An investment strategy designed to maximize the probability of returns while minimizing risk? Haven’t we heard that before? Minimizing risk while delivering consistent returns is exactly what UBS’s Yield Enhancement Strategy (YES) set out to do, with its supposedly low connectivity with any single stock or even the market at large.
But real life often turns out different from our plans which often go awry.
The Yield Enhancement Strategy (YES)
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What was the YES Strategy?
On the surface, it was a secure managed-options scheme offered to the firm’s wealthiest and most experienced clients. In reality, it now appears most advisors selling it did not completely understand how it worked.
Some investors have managed to find a correlation between returns and the market staying within pre-set levels.
There was a period in 2018 when volatility was high in the market. This was followed by a collapse. The market dropping beyond the parameters defined in YES seems to have taken the bottom out of the investments in YES, leading to considerable losses. Investors were also called upon to contribute additional funds to cover the margin calls.
The one aspect that remained consistent during this period is the generation of commissions for the firms and brokers selling the YES strategy. Their earnings were not linked to customers earning or losing money. It appears that UBS advisors continued to sell YES even after the bottom had dropped out of it.
Understandably, having lost significant amounts in their YES investments, many investors are asking questions. The YES strategy had been developed by a set of four Credit Suisse investment advisors who, at a point, moved en masse to UBS, bringing the strategy with them.
It does emerge that some parts of the strategy involved buying on margins, which, in itself, is a common trading strategy. When the market drops, a customer may be required to fund his account to avoid securities being sold to cover the shortfall, and continue trading.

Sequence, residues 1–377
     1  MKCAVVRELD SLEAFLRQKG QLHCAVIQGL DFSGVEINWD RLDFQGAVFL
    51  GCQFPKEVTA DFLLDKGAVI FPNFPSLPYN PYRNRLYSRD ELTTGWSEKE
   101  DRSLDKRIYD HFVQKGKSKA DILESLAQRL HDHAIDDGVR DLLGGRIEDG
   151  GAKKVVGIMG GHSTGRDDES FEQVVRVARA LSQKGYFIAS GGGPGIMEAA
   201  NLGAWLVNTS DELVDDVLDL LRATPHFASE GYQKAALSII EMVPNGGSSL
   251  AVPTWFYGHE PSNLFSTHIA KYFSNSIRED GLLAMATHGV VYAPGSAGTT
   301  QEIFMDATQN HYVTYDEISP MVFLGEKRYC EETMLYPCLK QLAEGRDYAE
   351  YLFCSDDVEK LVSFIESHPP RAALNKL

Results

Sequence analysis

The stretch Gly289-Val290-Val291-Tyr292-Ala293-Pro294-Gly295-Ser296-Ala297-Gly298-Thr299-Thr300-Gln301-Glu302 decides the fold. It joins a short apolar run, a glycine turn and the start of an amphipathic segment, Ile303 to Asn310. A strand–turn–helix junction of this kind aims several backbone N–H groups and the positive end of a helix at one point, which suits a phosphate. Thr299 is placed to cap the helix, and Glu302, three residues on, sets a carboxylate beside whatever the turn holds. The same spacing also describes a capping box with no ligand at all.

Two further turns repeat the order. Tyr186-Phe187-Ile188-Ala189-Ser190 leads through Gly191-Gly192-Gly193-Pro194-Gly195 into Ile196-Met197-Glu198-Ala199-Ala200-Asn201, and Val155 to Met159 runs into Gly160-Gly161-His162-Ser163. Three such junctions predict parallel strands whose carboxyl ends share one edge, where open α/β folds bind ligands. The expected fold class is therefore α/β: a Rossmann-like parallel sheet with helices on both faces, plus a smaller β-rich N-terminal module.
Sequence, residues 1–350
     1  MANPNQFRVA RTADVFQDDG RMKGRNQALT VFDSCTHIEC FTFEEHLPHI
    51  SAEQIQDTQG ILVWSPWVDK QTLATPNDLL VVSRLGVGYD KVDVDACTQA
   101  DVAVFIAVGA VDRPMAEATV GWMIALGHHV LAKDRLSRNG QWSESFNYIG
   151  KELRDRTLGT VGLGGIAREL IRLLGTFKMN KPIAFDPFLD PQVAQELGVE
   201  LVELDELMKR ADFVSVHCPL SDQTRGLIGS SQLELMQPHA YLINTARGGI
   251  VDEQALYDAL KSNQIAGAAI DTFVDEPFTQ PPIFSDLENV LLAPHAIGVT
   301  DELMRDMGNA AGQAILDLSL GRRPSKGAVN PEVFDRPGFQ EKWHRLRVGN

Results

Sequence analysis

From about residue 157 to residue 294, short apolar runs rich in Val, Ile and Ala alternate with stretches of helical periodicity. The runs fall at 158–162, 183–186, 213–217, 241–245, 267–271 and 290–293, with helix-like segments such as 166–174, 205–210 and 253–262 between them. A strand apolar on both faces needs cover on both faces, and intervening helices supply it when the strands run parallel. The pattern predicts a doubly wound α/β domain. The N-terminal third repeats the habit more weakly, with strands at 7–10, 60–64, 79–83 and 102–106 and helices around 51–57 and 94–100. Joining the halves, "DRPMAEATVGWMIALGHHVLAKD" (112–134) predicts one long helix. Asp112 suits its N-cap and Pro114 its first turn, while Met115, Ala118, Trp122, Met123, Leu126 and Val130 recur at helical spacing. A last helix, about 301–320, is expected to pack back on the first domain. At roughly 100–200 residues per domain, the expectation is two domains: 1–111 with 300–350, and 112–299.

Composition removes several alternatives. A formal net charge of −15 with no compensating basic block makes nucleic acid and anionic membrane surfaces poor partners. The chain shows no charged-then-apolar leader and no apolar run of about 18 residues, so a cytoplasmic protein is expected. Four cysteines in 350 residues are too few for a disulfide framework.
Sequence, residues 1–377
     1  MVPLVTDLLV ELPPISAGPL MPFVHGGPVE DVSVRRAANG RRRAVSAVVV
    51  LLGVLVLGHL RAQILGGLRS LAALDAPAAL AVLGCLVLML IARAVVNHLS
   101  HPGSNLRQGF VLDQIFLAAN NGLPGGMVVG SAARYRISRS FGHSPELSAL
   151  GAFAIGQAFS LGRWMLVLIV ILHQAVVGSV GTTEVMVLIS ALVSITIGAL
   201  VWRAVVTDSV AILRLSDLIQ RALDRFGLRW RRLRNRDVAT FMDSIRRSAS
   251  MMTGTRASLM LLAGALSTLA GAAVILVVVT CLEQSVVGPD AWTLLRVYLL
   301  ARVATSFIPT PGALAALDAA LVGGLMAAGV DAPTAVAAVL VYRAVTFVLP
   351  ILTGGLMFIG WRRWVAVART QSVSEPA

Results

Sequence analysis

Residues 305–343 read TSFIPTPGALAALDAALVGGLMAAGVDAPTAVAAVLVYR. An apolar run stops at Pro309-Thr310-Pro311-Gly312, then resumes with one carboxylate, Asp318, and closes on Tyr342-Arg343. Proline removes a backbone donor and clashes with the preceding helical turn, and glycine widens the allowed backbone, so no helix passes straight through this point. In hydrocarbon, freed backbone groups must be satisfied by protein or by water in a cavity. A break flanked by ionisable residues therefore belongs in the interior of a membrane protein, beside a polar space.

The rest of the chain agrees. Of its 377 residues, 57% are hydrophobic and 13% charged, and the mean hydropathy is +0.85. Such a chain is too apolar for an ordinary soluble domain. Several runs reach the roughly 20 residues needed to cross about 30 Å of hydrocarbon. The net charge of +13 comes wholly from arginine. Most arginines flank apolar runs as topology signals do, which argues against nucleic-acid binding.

In essence, it permits purchasing stocks without having cash, on the strength of the value of stocks you already hold in your account. It could be considered similar to taking a loan against the collateral security of your shares and buying more shares with that money.
Margin trading increases a customer’s leverage and could expose him to the need for funding margin calls in a falling market, failing which he could lose the stock held as collateral. It is a strategy that is recommended for experienced investors.
The Financial Industry Regulatory Authority (FINRA) makes available an arbitration process for investors seeking compensation. Several investors have resorted to FINRA arbitration and some to civil suits against UBS and Credit Suisse in pursuit of recovery of losses. Some have already yielded results:
- A Houston, TX investor was able to recover the entire amount of $358K sought in damages. He did not, however, get compensation for interest, costs and fees.
- $800K was awarded to two couples through a FINRA arbitration claim.
In some cases, UBS was successful in defending itself. In several others, investors received awards, but not to the full extent of damages requested.
Legal help is available
Haselkorn & Thibaut, P.A., a nationally recognized investor law firm, acts on behalf of investment fraud victims and represents them not only in federal and state courts but in arbitration claims as well. Our work has involved stockbroker misconduct-related cases against the most celebrated Wall Street firms.
If you are an investor, we encourage you to contact us for information that might help us in the cases we are currently investigating. We also invite you for a consultation if you believe you have lost money on account of broker misconduct. You can reach us at 1-800-856-3352.